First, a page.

business news in context, analysis with attitude

by Kevin Coupe

Normally, Chick fil A is closed on Sundays. Always has been. It is a key corporate value, reflecting founder Truett Cathy's belief that employees should have one day a week to spend with family and worship, if they chose to do so.

But not last Sunday. Not in Orlando, Florida.

Orlando, of course, was the site of last Sunday's mass shooting at a gay nightclub in which 49 people were killed and dozens were injured, at the hands of a lone gunman. USA Today reports that a Chick fil A nearby opened up on Sunday to provide food for first responders and the hundreds of people who showed up to give blood. The store wasn't open to the general public, but rather focused its attentions and donations on people affected by the largest mass shooting in the history of the country.

Chick fil A didn't announce the decision with a press release. It just did it. And people noticed.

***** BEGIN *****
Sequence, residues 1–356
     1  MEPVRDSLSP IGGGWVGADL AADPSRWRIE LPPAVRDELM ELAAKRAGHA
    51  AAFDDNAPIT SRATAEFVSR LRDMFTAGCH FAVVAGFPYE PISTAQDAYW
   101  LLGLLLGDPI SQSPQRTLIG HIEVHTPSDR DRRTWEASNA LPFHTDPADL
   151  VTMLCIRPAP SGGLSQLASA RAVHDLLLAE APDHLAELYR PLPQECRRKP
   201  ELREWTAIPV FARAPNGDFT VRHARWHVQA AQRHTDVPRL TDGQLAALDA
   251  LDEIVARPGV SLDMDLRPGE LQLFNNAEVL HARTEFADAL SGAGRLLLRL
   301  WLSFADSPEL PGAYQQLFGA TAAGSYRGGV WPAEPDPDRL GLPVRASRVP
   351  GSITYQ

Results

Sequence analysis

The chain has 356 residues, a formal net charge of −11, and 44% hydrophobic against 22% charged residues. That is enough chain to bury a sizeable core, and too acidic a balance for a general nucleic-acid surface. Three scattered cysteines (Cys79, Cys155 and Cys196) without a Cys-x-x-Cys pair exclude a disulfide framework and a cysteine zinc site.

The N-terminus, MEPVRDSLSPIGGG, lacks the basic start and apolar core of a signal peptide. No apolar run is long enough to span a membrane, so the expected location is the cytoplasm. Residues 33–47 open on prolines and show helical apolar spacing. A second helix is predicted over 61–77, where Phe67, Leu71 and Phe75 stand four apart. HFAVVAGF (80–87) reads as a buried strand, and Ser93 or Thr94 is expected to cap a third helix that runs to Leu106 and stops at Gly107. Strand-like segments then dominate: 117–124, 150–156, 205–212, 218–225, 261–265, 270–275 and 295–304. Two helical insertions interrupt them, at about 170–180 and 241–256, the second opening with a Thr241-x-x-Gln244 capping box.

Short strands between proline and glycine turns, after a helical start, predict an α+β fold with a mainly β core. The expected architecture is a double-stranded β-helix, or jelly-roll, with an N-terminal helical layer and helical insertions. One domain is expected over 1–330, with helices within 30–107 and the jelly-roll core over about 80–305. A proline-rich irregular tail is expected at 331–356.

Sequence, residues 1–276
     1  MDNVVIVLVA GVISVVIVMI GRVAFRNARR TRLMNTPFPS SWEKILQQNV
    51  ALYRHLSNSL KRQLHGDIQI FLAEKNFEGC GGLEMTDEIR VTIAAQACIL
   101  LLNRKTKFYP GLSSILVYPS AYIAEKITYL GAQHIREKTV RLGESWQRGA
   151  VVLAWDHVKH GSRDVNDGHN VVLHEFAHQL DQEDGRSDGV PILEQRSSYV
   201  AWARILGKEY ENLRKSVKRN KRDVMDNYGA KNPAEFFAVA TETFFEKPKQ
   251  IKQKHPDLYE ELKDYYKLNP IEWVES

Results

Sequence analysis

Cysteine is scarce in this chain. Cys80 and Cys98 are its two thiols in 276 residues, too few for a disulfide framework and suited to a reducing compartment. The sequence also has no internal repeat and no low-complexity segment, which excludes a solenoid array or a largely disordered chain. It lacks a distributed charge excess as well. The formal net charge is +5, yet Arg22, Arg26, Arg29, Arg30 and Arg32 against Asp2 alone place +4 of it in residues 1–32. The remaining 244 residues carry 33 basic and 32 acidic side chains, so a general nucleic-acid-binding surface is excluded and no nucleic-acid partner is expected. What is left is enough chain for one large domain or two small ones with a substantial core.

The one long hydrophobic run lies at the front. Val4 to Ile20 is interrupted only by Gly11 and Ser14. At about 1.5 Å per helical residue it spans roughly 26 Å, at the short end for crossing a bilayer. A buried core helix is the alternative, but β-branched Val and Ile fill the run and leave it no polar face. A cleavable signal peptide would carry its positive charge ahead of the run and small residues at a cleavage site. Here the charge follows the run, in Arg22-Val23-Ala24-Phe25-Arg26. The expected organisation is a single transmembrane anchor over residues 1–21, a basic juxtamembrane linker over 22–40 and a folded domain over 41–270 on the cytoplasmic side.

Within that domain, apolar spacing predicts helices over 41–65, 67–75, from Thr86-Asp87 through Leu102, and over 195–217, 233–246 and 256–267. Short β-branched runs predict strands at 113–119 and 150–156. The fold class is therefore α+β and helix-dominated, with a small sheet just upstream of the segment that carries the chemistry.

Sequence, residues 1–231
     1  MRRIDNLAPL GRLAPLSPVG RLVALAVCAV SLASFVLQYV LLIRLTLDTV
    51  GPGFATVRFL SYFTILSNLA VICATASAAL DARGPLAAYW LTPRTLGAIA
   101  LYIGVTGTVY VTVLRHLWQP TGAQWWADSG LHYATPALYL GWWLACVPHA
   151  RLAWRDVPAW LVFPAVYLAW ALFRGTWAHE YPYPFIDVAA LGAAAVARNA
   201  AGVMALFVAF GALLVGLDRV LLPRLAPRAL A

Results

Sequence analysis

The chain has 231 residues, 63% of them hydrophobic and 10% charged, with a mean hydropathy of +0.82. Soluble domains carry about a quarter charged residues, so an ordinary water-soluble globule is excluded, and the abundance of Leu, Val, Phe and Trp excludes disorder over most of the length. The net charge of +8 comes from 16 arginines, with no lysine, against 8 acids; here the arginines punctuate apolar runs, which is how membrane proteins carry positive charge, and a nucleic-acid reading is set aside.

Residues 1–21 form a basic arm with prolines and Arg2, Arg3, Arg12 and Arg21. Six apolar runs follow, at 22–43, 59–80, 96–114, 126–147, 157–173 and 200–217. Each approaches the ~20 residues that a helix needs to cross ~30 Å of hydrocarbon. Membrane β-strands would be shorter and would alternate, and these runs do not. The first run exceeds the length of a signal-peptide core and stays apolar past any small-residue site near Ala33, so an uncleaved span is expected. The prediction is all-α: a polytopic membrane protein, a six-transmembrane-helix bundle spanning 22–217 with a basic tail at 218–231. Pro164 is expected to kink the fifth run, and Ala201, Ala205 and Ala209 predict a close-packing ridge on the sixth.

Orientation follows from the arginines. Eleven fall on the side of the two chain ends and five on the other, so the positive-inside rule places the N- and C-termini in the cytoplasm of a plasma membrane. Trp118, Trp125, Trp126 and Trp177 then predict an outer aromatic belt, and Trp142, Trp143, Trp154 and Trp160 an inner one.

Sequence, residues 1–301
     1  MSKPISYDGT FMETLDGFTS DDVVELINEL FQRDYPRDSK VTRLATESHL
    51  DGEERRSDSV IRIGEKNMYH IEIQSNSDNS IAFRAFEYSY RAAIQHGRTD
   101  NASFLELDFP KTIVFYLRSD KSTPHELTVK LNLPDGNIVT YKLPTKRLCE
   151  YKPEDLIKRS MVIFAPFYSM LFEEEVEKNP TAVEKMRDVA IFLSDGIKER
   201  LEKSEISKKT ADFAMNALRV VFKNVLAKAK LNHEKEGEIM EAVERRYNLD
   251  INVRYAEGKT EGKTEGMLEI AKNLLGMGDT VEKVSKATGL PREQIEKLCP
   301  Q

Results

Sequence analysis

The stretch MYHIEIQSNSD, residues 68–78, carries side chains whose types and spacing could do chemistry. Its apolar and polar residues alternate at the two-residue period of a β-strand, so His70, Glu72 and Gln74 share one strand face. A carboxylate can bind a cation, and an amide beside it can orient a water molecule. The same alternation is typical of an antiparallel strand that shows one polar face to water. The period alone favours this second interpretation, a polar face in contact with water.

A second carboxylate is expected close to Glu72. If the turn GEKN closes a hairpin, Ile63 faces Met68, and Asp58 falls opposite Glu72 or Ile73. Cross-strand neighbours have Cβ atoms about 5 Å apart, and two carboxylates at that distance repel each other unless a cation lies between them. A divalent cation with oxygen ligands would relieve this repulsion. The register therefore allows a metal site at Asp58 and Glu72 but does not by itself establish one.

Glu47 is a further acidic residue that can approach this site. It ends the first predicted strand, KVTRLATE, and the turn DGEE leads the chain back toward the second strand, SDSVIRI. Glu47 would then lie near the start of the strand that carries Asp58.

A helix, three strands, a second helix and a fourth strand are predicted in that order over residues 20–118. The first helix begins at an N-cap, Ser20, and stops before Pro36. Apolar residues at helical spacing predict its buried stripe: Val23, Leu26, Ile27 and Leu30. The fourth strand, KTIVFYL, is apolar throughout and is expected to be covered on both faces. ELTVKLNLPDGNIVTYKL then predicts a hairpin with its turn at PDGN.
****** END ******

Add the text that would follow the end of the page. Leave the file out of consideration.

It is, the paper writes, "another sign of how far the company has come in re-crafting its image after CEO Dan Cathy incited customers when he spoke out against gay marriage in 2012, leading to protests at stores." Subsequently, Cathy walked back those statements, saying that he would leave it to others to discuss social policy.

It also, to my way of thinking, is a demonstration of basic human kindness and generosity ... demonstrating that in hard times, most people will do the right thing, regardless of what they believe or what they look like or who they happen to love.

It was and is an Eye-Opener. Good for them.
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